IN THIS CHAPTER
A UI worthy of SQL Server 2008
Navigating SQL Server's objects
Maximizing productivity with Query Editor
SQL Server's primary user interface is SQL Server Management Studio (SSMS), a powerful set of tools within a Visual Studio shell that enables the developer or DBA to create database projects and manage SQL Server with either a GUI interface or T-SQL code. For business intelligence (BI) work with Integration Services, Reporting Services, and Analysis Services, there's a companion tool called SQL Server Business Intelligence Development Studio (BIDS).
Like many things in life, Management Studio's greatest strength is also its greatest weakness. Its numerous tasks, tree nodes, and tools can overwhelm the new user. The windows can dock, float, or become tabbed, so the interface can appear cluttered, without any sense of order.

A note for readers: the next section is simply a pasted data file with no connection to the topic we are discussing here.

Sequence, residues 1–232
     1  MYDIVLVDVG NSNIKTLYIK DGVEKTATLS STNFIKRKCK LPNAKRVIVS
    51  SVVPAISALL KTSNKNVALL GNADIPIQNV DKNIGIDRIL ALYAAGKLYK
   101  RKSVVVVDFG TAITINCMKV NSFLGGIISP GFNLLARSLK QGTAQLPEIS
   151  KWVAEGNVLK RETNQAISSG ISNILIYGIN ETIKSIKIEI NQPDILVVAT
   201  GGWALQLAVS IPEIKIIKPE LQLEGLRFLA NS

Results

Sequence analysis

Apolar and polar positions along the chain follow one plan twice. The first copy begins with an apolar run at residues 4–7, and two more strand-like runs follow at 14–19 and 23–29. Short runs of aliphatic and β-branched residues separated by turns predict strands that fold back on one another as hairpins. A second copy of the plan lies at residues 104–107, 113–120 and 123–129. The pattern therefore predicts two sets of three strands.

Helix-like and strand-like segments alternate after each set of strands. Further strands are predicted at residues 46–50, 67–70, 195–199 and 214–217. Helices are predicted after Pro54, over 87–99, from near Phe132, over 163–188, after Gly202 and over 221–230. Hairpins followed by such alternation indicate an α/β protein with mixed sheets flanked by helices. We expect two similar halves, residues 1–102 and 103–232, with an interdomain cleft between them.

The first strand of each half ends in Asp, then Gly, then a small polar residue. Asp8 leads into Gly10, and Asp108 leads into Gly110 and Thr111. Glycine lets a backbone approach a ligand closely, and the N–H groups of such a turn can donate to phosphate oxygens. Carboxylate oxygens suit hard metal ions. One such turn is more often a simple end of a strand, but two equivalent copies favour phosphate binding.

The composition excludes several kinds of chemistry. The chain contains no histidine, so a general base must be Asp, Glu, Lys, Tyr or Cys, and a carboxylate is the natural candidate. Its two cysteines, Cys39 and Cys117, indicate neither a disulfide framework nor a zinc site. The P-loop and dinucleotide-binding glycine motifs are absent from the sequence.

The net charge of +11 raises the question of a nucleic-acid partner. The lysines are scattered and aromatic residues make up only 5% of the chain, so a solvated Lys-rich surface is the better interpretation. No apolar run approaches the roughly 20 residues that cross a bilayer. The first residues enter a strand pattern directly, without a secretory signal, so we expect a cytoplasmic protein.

However, once the individual pages are understood, and the interface options mastered, the studios are very flexible, and interfaces can be configured to meet the specific needs of any database task. Personally, I love Management Studio—it's one of my favorite features of SQL Server 2008.
Much of using Management Studio is obvious to experienced IT professionals, and subsequent chapters in this book explain how to accomplish tasks using Management Studio, so I'm not going to explain every feature or menu item in this chapter. Instead, this chapter is a navigational guide to the landscape, pointing ...